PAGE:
- COLLEGE PARK, Md.
(UPI) - The Central Intelligence Agency has for the first time confirmed
that a high-ranking Nazi general placed his anti-Soviet spy ring at the
disposal of the United States during the early days of the Cold War.
- The National Archives said in a release Wednesday that
the CIA had filed an affidavit in U.S. District Court "acknowledging
an intelligence relationship with German General Reinhard Gehlen that it
has kept secret for 50 years."
- "The CIA's announcement marks the first acknowledgement
by that agency that it had any relationship with Gehlen and opens the way
for declassification of records about the relationship," the National
- Gehlen was Hitler's senior intelligence officer on the
Eastern Front during the war and transferred his expertise and contacts
to the U.S. as World War II reached its climax. While Gehlen's relationship
with U.S. intelligence during the 1940s and 1950s has been the topic of
some five books over the years, the eventual release of CIA documents pertaining
to the development of his European spy ring could shed new light on the
origins of the Cold War and early U.S. espionage efforts against Moscow.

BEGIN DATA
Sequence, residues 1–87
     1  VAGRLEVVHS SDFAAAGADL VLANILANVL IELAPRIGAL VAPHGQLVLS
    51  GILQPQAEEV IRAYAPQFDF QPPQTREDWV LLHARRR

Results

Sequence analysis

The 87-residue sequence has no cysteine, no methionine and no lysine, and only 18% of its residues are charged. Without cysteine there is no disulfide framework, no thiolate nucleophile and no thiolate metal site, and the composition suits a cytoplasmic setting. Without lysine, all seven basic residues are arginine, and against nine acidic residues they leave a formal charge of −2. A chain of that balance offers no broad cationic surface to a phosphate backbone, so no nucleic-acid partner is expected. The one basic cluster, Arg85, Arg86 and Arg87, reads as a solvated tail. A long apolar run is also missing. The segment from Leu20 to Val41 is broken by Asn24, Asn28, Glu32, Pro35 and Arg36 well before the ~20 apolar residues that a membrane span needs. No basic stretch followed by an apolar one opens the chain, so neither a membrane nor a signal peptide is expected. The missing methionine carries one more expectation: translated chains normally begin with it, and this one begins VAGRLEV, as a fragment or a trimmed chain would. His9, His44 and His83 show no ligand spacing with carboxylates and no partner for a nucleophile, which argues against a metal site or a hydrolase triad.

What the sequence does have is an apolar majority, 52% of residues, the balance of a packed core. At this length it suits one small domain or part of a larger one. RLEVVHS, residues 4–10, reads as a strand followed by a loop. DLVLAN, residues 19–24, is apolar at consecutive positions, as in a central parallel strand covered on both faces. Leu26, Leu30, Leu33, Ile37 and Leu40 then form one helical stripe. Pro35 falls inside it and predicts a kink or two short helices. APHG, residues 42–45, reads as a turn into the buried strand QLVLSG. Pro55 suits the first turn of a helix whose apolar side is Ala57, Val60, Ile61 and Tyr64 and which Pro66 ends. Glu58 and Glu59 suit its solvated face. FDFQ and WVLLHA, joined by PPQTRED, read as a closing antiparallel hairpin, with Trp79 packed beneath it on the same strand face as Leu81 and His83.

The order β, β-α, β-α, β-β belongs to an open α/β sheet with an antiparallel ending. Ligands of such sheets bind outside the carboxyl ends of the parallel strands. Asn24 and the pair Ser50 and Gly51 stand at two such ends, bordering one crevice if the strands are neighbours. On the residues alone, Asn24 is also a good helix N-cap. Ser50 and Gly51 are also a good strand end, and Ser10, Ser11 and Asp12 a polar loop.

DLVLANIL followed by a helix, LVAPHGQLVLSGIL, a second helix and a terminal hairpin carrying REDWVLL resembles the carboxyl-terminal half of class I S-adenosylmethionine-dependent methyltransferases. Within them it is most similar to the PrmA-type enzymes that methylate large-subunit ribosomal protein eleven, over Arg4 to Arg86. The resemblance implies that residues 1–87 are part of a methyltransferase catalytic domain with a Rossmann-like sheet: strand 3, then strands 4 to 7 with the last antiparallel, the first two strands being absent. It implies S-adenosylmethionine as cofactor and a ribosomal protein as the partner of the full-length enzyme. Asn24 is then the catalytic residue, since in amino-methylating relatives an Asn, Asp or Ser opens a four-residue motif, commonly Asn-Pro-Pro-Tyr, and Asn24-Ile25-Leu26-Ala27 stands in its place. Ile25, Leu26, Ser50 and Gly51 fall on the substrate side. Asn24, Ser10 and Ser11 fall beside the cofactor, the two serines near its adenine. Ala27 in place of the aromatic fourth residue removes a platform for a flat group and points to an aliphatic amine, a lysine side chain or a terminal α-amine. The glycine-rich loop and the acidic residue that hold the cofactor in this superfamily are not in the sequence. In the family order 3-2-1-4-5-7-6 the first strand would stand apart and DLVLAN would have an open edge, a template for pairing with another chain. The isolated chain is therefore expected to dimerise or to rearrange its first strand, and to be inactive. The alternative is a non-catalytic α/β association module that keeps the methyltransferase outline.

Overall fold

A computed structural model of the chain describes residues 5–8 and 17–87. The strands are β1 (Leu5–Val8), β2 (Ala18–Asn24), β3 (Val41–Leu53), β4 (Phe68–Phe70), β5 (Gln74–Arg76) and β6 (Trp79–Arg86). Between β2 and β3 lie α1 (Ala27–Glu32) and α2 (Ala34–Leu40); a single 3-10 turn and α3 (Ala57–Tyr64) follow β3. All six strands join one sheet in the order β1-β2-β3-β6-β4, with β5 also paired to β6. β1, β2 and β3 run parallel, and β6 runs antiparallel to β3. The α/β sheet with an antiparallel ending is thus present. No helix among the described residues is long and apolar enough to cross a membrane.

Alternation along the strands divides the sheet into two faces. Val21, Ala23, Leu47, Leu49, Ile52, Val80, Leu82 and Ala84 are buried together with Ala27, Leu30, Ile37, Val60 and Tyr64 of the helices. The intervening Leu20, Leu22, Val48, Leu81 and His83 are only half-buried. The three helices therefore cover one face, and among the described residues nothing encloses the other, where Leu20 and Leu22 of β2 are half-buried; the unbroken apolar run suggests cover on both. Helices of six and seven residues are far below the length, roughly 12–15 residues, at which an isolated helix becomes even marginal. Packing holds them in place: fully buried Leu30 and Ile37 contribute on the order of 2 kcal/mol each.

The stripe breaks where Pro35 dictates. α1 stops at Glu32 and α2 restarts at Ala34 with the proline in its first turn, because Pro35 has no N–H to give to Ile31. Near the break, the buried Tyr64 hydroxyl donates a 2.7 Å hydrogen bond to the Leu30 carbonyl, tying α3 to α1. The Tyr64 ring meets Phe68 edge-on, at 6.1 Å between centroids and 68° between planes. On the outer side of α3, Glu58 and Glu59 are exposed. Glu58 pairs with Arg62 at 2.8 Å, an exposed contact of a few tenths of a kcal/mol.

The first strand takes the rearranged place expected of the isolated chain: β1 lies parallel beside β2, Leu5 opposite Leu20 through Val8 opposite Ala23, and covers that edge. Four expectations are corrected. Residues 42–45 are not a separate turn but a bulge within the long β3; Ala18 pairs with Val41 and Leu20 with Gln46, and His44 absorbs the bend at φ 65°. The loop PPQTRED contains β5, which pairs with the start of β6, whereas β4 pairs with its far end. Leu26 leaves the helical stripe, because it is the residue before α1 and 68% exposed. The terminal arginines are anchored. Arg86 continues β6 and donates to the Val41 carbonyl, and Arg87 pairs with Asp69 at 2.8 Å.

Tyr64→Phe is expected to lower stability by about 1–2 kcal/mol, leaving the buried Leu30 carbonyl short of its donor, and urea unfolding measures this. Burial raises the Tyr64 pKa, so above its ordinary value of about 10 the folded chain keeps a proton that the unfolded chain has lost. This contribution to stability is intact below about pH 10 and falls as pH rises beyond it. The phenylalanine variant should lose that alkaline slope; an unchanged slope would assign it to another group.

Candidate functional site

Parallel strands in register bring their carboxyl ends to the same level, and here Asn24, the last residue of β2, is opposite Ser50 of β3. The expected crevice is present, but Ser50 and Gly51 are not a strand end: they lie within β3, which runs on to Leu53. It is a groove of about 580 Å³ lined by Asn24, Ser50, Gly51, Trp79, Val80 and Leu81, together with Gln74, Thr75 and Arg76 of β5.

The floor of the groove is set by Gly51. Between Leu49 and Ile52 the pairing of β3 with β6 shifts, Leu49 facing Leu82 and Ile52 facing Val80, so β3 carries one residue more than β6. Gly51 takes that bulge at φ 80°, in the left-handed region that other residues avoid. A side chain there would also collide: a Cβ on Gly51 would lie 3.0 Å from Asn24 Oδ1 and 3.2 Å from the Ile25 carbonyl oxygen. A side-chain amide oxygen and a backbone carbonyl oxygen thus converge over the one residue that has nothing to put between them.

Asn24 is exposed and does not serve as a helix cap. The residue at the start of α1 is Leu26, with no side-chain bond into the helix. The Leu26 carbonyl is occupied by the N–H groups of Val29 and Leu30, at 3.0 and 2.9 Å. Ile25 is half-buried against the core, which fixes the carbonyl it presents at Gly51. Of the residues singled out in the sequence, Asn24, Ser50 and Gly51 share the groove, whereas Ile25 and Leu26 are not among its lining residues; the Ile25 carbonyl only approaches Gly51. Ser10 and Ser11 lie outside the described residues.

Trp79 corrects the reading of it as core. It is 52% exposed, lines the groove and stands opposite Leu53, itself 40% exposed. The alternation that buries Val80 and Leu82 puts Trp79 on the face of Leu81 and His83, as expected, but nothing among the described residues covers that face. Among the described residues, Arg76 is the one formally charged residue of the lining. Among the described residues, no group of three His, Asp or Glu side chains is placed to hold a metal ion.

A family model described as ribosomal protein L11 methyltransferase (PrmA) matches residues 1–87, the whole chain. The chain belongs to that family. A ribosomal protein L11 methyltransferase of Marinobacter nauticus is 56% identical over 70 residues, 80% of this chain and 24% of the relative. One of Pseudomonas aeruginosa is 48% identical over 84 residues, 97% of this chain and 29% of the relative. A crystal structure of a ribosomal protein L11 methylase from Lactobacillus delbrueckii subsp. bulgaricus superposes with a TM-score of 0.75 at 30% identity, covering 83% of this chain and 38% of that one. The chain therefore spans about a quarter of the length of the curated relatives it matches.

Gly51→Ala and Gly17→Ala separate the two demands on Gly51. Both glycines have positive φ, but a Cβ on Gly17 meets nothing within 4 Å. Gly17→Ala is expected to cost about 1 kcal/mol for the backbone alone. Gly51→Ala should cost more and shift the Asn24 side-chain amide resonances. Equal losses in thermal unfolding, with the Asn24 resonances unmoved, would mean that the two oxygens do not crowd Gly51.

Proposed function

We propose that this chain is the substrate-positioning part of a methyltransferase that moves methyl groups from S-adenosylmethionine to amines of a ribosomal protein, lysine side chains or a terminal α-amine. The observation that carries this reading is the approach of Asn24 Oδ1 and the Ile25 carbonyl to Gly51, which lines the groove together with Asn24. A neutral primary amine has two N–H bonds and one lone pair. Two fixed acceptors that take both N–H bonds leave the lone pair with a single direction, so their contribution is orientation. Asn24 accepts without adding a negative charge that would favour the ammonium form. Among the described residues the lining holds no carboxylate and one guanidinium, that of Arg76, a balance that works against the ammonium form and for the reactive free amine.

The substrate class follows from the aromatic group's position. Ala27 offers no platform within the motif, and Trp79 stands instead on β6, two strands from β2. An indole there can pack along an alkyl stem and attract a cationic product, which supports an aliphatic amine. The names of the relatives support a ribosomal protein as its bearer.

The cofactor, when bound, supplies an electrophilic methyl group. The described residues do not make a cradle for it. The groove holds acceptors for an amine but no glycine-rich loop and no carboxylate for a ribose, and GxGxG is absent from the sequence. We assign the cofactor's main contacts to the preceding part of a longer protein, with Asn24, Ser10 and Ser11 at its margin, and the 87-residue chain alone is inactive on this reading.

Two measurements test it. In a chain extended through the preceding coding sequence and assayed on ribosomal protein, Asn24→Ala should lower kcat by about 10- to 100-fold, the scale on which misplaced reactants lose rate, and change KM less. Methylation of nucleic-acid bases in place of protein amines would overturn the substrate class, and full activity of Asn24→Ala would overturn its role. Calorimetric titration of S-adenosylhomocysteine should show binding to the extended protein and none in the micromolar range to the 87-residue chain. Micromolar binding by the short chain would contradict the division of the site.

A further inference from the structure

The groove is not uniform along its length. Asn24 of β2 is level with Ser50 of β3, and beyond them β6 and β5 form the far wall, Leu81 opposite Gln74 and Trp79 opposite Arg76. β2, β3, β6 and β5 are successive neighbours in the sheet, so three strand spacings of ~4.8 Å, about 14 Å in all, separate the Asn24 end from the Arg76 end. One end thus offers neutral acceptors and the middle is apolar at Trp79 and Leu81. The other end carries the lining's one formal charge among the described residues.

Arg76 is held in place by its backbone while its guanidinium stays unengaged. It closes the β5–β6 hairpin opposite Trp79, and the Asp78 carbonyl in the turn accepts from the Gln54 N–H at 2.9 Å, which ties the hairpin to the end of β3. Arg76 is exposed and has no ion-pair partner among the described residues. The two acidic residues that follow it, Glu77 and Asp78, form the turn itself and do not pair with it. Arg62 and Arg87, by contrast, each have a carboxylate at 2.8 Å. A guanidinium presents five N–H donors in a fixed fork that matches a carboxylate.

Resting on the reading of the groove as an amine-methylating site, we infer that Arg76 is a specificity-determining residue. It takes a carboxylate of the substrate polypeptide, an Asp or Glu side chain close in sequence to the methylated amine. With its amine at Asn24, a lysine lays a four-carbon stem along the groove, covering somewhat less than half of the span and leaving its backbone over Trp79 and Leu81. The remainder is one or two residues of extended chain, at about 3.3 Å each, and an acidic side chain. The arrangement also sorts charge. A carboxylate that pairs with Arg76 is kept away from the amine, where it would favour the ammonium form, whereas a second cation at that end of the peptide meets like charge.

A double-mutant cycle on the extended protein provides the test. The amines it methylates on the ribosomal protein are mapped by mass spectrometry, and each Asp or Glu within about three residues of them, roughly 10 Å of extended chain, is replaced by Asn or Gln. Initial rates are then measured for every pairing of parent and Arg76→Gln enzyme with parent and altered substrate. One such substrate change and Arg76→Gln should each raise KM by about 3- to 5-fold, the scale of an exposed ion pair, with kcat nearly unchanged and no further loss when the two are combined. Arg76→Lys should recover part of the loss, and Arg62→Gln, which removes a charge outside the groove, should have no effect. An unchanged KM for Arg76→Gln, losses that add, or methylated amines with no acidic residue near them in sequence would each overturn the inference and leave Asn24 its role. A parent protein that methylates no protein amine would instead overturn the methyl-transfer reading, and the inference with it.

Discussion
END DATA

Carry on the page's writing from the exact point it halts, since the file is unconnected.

- Gehlen's network of agents in Europe - including many
with Nazi backgrounds who were bailed out of prisoner of war camps by U.S.
intelligence officers - was known as the Gehlen Organization and received
millions of dollars in funding from the U.S. until 1956.
- The CIA's acknowledgement of its dealings with Gehlen
came in a response to an appeal of a Freedom of Information Act request
by researcher Carl Oglesby, the National Archives said. The agency pledged
to release its records on the general in accordance with the Nazi War Crimes
- The Act established the Nazi War Criminal Records Interagency
Working Group (IWG), which for more than two years has been declassifying
documents related to World War II war crimes and releasing them through
the National Archives.
- "This shows that the law is working," said
former Rep. Elizabeth Holtzman, a member of the IWG. "We now must
work closely with the Agency to follow through with the release of these
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